As a PhD student at MRC HIU, I usually spend my days in a white lab coat peering down a microscope, but this July I temporarily gave all that up to undertake a placement on the science desk at The Guardian newspaper.
Commuting through busy central London to The Guardian offices was a sharp change from my usual fifteen-minute cycle uphill to the lab in Oxford. My mentors were Ian Sample, science editor, and Hannah Devlin, science correspondent – two people I admire greatly for their unique flair for translating complex science into engaging news items.
When Ian led me into the newsroom on my first day, I was overwhelmed with excitement. The newsroom is a large, modern office with huge glass windows and rows upon rows of desks. It was somewhat messier and noisier than I had anticipated, with old books and newspapers piled up on the desks and journalists having loud phone conversations in the background. Every morning began with a meeting called ‘conference’ – the journalists’ equivalent of scientists’ laboratory meetings. Representatives from the various news desks ran through what their main stories of the day were going to be, before they became ‘news’.
At the science desk, I dived straight in. My first published article was a page 3 story on sperm and fertility, complete with a catchy headline. Unfortunately, I can’t take credit for any of the headlines on my articles as these are usually added by the sub-editors. The science writers, including me last month, pitch ideas for stories to the commissioning editor, who in turn pitches the main ideas from the science desk during a daily meeting with other editors. Once an idea is given the greenlight, the article is written and undergoes one or more rounds of editing – including the addition of a headline – before it is filed for publication.
To look for ideas, I often used EurekAlert! – an online platform run by AAAS, which collates the newest and most exciting upcoming scientific papers under embargo at various different journals. This gives journalists a heads up, so they can start putting together a news story to be released simultaneously with the paper.
During my PhD, I’m training to become an expert in a very specific subject area. Writing for The Guardian, I suddenly had to broaden my perspective and apply what I had learnt about analysing and interpreting scientific data to subject matters outside my area of expertise. Luckily, I was not alone in this endeavour. None of my articles would have been possible without valuable discussions with the experts in the relevant fields. Much like the scientific process of peer review, getting opinions about new research from one or more independent experts is an essential part of deciding whether something is worth writing about.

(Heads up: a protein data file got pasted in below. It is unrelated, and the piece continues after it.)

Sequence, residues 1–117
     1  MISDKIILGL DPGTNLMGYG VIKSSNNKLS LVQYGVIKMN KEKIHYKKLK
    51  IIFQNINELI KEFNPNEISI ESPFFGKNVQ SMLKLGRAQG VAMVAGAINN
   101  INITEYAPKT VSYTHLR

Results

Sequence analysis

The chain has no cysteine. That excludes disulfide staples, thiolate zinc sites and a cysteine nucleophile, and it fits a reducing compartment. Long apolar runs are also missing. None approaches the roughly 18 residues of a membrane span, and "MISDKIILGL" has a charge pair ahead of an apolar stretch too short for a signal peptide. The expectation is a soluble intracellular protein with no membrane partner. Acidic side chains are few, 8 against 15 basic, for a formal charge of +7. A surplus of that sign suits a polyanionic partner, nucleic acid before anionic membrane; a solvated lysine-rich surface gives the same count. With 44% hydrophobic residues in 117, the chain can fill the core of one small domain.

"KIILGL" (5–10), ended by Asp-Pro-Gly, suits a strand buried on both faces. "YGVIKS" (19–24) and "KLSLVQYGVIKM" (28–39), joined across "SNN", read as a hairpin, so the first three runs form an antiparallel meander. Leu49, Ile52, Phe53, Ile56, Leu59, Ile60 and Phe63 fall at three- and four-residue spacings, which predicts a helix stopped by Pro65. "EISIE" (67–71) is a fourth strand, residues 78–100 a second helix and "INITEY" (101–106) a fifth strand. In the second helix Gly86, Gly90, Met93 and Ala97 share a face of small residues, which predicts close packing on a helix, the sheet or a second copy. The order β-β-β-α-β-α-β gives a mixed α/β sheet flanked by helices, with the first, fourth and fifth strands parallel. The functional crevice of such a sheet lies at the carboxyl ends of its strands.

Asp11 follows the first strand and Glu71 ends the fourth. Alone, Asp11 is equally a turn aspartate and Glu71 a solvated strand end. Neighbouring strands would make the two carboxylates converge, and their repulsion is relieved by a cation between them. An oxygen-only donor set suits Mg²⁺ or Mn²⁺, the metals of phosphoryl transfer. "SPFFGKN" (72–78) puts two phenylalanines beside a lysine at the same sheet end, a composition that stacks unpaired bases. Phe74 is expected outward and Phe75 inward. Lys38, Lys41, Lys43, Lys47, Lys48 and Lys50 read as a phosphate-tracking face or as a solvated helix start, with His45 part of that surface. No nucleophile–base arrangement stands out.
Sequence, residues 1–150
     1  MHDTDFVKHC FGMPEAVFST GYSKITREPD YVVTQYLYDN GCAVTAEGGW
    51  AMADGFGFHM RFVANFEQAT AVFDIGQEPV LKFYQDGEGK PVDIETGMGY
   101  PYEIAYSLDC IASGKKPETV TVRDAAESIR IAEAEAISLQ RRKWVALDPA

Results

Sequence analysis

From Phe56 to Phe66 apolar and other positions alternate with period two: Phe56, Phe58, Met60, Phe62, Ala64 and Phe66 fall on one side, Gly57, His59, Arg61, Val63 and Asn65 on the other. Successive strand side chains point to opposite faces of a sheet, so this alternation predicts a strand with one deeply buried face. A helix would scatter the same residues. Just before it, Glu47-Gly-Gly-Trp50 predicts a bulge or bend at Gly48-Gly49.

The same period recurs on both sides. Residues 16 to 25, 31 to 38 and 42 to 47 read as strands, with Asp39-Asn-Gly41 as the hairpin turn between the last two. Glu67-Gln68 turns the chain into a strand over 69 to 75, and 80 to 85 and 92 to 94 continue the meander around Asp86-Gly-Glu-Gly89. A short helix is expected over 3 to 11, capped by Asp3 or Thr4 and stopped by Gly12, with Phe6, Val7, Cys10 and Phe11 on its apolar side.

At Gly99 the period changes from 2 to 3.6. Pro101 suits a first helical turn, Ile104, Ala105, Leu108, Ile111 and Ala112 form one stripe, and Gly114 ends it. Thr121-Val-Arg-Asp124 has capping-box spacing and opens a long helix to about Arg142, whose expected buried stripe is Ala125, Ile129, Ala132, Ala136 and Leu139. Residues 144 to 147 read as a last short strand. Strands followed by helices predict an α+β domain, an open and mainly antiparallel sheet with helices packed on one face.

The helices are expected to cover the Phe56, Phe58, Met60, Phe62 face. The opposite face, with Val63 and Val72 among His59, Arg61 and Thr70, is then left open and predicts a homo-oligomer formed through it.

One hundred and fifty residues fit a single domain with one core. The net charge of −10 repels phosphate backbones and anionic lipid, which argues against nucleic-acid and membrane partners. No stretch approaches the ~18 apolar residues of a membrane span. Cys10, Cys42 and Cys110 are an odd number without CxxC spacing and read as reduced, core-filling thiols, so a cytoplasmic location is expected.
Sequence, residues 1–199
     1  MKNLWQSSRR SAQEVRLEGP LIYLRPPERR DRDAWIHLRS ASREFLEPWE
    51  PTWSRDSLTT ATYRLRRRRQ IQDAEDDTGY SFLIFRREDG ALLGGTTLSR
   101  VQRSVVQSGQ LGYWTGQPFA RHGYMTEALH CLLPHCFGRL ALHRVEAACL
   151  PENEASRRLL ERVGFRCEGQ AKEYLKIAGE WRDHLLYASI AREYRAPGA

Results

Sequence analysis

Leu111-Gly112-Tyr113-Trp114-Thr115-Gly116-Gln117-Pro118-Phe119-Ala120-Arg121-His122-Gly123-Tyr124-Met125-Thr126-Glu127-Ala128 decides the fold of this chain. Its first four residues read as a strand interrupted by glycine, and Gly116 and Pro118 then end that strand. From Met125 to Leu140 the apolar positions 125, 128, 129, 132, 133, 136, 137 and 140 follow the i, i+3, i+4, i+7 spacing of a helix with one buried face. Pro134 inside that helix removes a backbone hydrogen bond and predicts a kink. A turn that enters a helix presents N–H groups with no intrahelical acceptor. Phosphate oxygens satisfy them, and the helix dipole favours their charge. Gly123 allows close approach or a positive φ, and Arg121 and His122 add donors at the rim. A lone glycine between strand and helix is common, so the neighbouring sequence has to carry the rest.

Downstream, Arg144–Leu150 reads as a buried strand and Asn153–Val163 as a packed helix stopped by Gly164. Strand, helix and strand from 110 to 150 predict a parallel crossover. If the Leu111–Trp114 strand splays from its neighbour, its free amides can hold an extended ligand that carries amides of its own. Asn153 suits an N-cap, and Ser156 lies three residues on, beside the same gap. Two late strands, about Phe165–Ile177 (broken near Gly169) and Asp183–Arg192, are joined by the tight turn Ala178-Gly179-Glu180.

Something that pleasantly surprised me was how willing and happy scientists were to speak to me about their research and about the work of others, even at short notice. The reputation of The Guardian was certainly helpful in getting responses from busy professors and it was a fantastic privilege to be able to speak directly with world-leading scientific experts on an almost daily basis.
Alongside scientific robustness, I learnt that another vital ingredient in good science writing is the hook. A typical response I would get when pitching ideas to the editors was “what’s the top-line?” Summarising a complicated scientific paper in one sentence is a valuable skill, which I will definitely apply as I continue my PhD.
As a researcher who has been involved in the process of generating data for the revision of a scientific paper, I thought I was pretty familiar with working to tight deadlines. I could not have been more wrong. During my placement, I quickly learnt how to read scientific papers and write articles within a few hours. To meet deadlines, usually dictated by embargo times set by scientific journals, I also needed to promptly contact and interview the scientists who did the work, as well as independent experts. I discovered that my role as a science writer was to represent my readers rather than scientists. The readers were not there to ask their questions themselves and so it was my job to do this on their behalf. This was a massive responsibility and so asking the right questions was critical.